"A Choir for the Complaining,"        2 Corinthians 6:1-13,     June 21, 2009
 
 
Got a pet peeve, a growing gripe or a common complaint? Here’s an option: Set it to music and round up your neighbors to sing about it.

If you do, you’ll be part of a new fad that’s breaking out around the world: choirs for complainersBirmingham, England, recently intoned “The slugs will eat my lettuce/and dogs won’t clean their poo/I haven’t won the lottery/Life’s going down the loo,” and then launched into a rousing refrain of: “I want my money back!”

In Chicago, another combo of carpers performed their anthem of annoyance: “Chicagoland! Chicagoland! Sounds like we live in an amusement park ... We don’t want the Olympics here! ... Only tourists like deep-dish pizza! ... I hate drunken Cubs fans ... but I hate drunken Cardinals fans more.”


Another number from that choir grumbled about traffic, including buses that “bunch up worse than granny panties,” and drivers who are “only good at honking.”

Complaint choirs have also formed in Australia, Germany, Canada, Korea, Singapore, Finland, Russia and other places. Naturally, the different locales provide different aggravations to grouse about.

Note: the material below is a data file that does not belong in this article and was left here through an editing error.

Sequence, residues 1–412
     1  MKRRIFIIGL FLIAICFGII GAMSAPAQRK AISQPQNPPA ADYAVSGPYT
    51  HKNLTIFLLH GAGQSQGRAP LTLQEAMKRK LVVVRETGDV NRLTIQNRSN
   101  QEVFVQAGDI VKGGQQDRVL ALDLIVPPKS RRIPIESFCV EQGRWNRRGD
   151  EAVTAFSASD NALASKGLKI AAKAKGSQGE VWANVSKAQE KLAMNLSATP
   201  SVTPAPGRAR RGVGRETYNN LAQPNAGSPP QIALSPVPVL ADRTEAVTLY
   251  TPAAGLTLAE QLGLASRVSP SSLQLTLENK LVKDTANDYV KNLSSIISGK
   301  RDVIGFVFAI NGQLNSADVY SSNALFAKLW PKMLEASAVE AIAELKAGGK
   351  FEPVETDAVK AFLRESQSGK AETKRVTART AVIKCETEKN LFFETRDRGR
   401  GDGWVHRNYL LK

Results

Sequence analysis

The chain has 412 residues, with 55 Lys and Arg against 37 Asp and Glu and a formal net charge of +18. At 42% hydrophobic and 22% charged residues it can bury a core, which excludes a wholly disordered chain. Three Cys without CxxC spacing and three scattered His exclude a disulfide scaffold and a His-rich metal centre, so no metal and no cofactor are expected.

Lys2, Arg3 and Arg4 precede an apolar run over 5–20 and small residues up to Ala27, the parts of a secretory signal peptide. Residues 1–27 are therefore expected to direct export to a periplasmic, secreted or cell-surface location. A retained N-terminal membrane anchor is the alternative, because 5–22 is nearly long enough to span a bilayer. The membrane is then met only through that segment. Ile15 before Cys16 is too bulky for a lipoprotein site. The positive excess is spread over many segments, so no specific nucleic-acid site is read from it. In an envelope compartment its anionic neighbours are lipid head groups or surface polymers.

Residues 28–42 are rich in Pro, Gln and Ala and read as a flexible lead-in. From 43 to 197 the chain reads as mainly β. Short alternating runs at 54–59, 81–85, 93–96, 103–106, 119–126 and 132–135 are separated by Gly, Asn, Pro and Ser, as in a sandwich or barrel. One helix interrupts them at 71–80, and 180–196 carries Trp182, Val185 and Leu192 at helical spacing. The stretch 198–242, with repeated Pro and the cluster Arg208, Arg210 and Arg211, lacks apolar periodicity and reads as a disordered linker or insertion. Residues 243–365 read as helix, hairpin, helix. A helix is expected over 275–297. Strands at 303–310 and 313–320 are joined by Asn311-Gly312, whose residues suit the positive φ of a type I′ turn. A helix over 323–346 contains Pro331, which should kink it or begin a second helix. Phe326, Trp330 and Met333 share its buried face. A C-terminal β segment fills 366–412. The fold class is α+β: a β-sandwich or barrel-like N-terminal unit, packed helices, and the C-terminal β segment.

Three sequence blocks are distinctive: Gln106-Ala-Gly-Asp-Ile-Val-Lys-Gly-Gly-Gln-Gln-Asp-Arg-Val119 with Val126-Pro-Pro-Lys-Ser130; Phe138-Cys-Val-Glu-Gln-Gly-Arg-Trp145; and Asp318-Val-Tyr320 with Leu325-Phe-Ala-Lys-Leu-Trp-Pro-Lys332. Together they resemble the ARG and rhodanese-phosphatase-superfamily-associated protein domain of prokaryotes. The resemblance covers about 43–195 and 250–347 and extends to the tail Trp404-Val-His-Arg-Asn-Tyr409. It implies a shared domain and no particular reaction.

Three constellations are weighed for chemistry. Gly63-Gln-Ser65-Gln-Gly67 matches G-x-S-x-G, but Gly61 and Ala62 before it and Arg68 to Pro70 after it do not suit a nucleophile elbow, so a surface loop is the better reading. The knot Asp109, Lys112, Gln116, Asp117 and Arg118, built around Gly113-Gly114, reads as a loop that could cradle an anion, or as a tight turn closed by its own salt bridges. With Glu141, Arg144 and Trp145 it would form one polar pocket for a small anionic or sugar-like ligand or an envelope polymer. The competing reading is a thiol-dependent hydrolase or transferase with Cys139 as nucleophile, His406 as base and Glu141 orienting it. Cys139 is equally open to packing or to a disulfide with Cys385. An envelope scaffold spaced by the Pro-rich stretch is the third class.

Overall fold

.

The idea is quite simple. You invite people to list the things that irritate them, hire a local musician to convert those complaints into lyrics and set them to music. What you have then is a bellyaching band belting out their beefs together.

Such a choir of complainers in
 
In Russia, the laments are of loneliness and unrequited love. In Germany, the whining is more political, dealing with lying public officials and overly complicated tax codes. And one woman reportedly quit that choir yammering that it wasn’t political enough!

The idea for the choirs originated in 2005 with a couple in Finland, Oliver Kochta-Kalleinen, and his wife, Tellervo Kalleinen. They point out that the world’s not perfect, and thus there’s no reason to suppress the complaining. “Even in paradise they complained,” said Kochta-Kalleinen.

A lot of the things people grumble about cannot be alleviated, but singing about them provides a way to let off some steam. It turns their bitterness into ballads, their howls into harmonies, and their squawks into serenades.

Complaint choirs are a feature of our day, but if they had been around in the Old Testament era, the ancient Israelites certainly would’ve had one. Actually, for all intents and purposes, they did.